The American Legacy Foundation's (ALF) nine-year-old "truth" campaign wants to help Big Tobacco hire new "Big C" Suite executives. The youth smoking prevention campaign, known for guerrilla theatre and dark parodies of the tobacco industry, is launching a new effort, "Do You Have What It Takes," that mimics job-recruitment interviews.
The campaign -- comprising television, print, cinema and online advertisements, social networking and a new Web site -- plays on the idea that even in the recession, there's always employment at the cigarette factory.
The campaign -- timed with the "truth" campaign's annual summer grassroots tour, which hits over 30 states and starts late June -- will run from June through early 2010, with a hiatus from November to January.
Three TV spots are based on real videos taken in a mock recruiting office for tobacco companies in New York City. The interviews are with real job seekers interviewed for executive-level positions, with actors posing as interviewers.
The TV spots show how interviewees react to such questions as whether they had a problem with selling a product that kills 1,200 people every day or one person every 6.5 seconds; whether they thought changing the name of the company was a reasonable way to avoid bad publicity; and if they could "plead the Fifth." The interviewer then informs the job candidate that a tobacco industry executive pled the Fifth Amendment 97 times during a deposition in 1997.
One spot has the interviewer impressing the candidate with his description of a potential opening for a job in a successful industry that spends $13 billion in the United States alone on marketing a year. He then goes on to say that worldwide, the industry's products kill 5 million people annually. The interviewer describes the great benefits package, but is interrupted by the candidate: "You snuck in, 'It kills people'; I heard that."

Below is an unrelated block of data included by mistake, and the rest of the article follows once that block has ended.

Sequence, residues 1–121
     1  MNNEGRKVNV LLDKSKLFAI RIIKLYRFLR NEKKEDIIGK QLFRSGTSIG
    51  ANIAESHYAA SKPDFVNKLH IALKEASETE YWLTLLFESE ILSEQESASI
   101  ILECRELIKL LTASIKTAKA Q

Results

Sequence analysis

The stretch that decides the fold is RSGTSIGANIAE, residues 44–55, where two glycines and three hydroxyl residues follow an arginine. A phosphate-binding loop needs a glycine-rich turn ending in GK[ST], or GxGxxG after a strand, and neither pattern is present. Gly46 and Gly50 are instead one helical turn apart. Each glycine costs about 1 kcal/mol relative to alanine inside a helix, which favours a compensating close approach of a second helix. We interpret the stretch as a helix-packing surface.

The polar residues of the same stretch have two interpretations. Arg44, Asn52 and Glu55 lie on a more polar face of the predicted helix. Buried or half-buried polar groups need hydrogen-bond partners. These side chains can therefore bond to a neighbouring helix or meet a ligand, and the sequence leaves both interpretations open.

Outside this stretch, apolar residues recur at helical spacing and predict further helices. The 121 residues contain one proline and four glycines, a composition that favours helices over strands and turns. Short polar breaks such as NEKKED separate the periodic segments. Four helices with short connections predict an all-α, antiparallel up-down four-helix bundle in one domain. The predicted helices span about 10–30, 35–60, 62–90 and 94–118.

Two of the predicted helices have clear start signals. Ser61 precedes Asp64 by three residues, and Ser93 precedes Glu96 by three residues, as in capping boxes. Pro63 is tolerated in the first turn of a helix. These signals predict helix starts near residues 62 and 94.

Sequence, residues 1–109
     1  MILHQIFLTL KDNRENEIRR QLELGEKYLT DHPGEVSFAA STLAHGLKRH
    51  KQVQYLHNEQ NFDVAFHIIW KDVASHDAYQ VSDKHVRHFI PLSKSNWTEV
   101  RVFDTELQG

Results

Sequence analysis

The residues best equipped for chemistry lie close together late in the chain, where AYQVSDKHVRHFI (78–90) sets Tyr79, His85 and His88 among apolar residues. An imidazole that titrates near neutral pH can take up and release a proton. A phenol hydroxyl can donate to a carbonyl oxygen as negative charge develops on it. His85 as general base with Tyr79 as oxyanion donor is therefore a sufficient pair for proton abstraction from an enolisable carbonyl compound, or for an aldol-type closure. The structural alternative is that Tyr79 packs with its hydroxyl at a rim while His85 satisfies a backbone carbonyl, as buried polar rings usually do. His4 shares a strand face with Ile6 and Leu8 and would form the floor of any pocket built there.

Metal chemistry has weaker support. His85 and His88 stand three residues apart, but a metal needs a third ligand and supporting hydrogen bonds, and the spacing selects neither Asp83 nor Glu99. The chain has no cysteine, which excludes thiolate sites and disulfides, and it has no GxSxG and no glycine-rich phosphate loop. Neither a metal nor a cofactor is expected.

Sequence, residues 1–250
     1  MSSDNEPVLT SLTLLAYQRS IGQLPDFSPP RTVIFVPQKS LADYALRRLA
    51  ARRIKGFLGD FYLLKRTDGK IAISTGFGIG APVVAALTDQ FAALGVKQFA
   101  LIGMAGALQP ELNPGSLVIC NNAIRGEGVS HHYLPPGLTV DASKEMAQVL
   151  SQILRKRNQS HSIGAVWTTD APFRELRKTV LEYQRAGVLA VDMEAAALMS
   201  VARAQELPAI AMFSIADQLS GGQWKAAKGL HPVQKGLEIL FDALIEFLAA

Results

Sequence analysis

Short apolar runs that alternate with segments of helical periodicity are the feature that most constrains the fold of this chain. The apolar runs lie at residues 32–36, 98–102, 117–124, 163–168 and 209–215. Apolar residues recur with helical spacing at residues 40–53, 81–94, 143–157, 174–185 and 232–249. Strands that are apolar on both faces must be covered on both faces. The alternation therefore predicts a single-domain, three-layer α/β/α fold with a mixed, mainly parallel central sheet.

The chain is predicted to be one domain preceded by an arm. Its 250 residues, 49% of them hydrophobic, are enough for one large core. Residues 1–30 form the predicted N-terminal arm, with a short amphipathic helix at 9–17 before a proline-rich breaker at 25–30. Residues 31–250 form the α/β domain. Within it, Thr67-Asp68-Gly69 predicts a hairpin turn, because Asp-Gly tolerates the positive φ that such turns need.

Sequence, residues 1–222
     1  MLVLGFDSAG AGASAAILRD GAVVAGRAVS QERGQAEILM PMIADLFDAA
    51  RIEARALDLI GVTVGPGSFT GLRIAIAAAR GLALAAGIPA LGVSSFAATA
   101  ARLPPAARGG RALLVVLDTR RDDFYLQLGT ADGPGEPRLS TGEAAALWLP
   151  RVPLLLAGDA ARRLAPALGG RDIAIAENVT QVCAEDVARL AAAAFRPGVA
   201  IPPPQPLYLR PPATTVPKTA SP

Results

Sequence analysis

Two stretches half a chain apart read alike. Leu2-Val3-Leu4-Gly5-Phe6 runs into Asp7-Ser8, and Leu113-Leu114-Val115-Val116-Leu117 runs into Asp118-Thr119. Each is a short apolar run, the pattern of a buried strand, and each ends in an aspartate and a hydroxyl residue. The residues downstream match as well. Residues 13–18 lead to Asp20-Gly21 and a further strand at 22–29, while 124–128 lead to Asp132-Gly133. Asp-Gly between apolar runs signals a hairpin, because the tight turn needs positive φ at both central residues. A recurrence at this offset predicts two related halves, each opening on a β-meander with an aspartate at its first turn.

Each spot ends with the campaign's central question: "Do you have what it takes to be a tobacco executive?"
Eric Asche, SVP Marketing at ALF, says the cinema verite approach is what "truth" has done along with street theatre campaigns and guerrilla marketing activities. "It's so much better than anything we could possibly script because it's genuine; you can't replicate the shock people have when they learn the facts."
He says that the campaign ran online ads for recruitment, invited some 40 people in, and used multiple hidden cameras to capture the conversations. Only afterward did the invitees learn the truth. "And," says Asche, "afterward we had a real recruiter on hand to help them with job placement." He says that of the 16 interviews shot, six will air and the rest will run online, including out-takes.
One ad will run in Screenvision theatres and in cinemas in 38 regional markets before teen-focused films, with a twist: the audience can use SMS messages to interact with the ad. Asche says interactivity is key in all elements of the campaign. "That's the whole idea," he says. "It's hard to get teens to pay attention for a nanosecond, but when we presented it to teens in focus groups they actually stopped; they were processing what they would do in that situation. We want to replicate that model wherever we can."
The truth.com Web site will have a video "recruiter" asking site visitors multiple-choice questions. As the user interacts with the questions, online games and videos, the Web site keeps track of the user's score to encourage visitors to retry games, or retake tests to top their old score. At the conclusion, the recruiter comments on the performance, assessing whether the user "has what it takes" to work for Big Tobacco.
Two other spots will break on Monday on channels like MTV, G4, VH1 and Fuse, and other youth-centric channels.
Print ads ask show laboratory jars containing organs and body parts, with labels like: "The stones to say that cigarettes are only as addictive as sugar, salt and Internet access." They will run in books like Alternative Press, TransWorld Snowboarder & Skateboarder and Rides.
The digital elements include banners and social media elements on MySpace, Facebook, Bebo, Hi-5 and imeem.com including a "poll widget" that includes questions that were conducted during the online interview process for the television spots.